Depression and Anxiety Information

Life can be challenging and for that reason most Americans tend to feel anxious or depressed at times following major events. Losing a loved one, experiencing a divorce or the loss of a dear friend are examples of triggers for depression. In these times of stress, we often feel sad, afraid, lonely, nervous or anxious, all normal responses to life’s challenges and stressors.

When individuals experience these symptoms on a daily or near daily basis without any identifiable trigger, an anxiety disorder or depression or both may exist. These two mental health disorders are closely linked. Close to 50% of persons diagnosed with anxiety disorder also suffer depression and vice versa.

It may not seem like it when the sufferer cannot function normally, but both disorders can be successfully treated by mental health professionals. Yet, about one-third of people suffering these disorders in the US do not seek professional help.

What is Depression?

Depression is often misunderstood by laymen who feel they can rally their resources and get back to work, school, relationships or life. One reason so few people seek professional treatment is that they view depression as a condition they could not possibly suffer. Depression is indiscriminate and affects adult Americans of all ages, including seniors.

According to the Anxiety and Depression Association, 6.7 percent of American adults experienced at least one depressive episode in the last 12 months. It is estimated that 2 percent of America’s young children and 8 percent of our teens may suffer depression right now.

Depression is explained as a condition that makes people of all ages feel discouraged, sad, hopeless, unmotivated and/or disinterested in life events and in relationships be they personal or work-related.

It is natural to feel many of these conditions as we move through our life. Nobody likes to be disappointed. When these feelings persist for a brief period of time, they can be attributed to “feeling the blues.” But, when the feelings continue for two weeks or longer and begin to interfere with work, school or relationships, they can most likely be attributed to a major depressive episode.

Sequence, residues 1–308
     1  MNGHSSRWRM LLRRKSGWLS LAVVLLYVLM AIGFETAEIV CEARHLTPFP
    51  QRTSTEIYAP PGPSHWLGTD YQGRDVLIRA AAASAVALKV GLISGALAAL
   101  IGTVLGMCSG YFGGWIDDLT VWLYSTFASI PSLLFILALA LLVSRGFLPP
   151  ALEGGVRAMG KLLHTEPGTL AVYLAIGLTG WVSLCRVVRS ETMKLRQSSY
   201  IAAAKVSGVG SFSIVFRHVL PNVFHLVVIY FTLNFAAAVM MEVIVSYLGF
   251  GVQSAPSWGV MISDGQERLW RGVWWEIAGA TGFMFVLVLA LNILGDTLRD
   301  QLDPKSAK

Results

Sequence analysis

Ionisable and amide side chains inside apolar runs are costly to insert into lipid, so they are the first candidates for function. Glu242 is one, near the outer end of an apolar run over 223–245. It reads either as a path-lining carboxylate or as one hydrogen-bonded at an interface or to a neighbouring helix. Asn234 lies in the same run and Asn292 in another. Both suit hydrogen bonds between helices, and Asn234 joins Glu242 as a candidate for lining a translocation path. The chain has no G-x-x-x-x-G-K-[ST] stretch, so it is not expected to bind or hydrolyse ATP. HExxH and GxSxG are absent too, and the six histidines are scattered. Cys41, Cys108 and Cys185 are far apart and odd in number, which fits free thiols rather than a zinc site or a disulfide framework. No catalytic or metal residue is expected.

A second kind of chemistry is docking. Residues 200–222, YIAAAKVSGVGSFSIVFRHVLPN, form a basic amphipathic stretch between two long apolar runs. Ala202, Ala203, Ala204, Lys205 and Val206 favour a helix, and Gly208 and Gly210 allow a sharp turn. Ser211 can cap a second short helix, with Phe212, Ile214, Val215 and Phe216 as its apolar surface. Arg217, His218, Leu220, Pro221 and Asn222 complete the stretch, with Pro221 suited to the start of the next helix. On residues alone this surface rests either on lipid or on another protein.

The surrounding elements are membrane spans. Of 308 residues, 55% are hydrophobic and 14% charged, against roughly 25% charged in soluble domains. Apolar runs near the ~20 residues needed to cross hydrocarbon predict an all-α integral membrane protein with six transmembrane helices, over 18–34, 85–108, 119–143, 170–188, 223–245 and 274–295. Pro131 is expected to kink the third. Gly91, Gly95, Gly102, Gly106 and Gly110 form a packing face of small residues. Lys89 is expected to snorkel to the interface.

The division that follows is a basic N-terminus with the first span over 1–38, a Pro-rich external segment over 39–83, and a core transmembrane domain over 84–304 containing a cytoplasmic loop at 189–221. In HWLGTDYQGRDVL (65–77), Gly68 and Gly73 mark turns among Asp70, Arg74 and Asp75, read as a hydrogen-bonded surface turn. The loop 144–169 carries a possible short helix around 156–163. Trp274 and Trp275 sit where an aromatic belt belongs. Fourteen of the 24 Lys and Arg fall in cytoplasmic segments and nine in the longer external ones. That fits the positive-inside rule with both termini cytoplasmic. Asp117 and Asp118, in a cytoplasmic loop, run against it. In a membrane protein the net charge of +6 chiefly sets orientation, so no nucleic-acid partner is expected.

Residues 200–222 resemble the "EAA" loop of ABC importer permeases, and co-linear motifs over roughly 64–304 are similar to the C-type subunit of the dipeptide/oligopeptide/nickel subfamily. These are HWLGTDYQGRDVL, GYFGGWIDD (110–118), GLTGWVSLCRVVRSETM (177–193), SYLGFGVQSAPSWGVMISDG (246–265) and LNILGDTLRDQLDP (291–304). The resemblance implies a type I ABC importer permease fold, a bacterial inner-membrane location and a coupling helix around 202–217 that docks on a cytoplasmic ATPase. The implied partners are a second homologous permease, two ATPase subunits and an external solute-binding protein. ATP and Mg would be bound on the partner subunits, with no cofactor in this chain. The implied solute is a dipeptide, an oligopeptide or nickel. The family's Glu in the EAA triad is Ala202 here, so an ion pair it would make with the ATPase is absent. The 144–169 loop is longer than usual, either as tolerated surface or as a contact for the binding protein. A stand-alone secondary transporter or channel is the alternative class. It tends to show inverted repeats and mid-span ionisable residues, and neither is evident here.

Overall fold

Major depression is no bargain and can negatively impact our ability to perform at work or at school. Despite being a treatable illness, depression remains one of the most prevalent mental disorders in the US. In 2014, 15.7 million adults aged 18 or more and living in the US experienced at least one major depressive event in the previous year. Between 3 and 5 percent of American adults suffer from major depression that can seem to make life unbearable.

Three Types of Depression

There are three main types of depression:

• Major depression

• Persistent depressive disorder

• Bipolar disease

Major depression sufferers experience symptoms over a two-week period and suffer these effects:

• Inability to work

• Inability to study

• Inability to sleep

• Inability to eat

Major depression can occur once or twice in a lifetime. The symptoms can reoccur at any time. Professional treatment is the only way to correct this disorder. Unfortunately, major depression sufferers often feel life is not worth living and may attempt suicide.

Persistent Depressive Disorder (PDD)

PDD is one form of depression that persists for at least two years. Low energy, poor appetite, overeating, insomnia or over sleeping are common symptoms.

Bipolar Disorder

Once known as manic depression, bipolar depression is characterized by mood cycles that change quickly from severe highs (mania) or mild highs (hypomania) or severe lows (depression). In the manic phase, the sufferer can experience excessive emotions such as elation or irritability and increased talking, sexual desire, poor judgment and a host of other effects.

Remember depression is treatable. Contact a mental health professional if you have symptoms.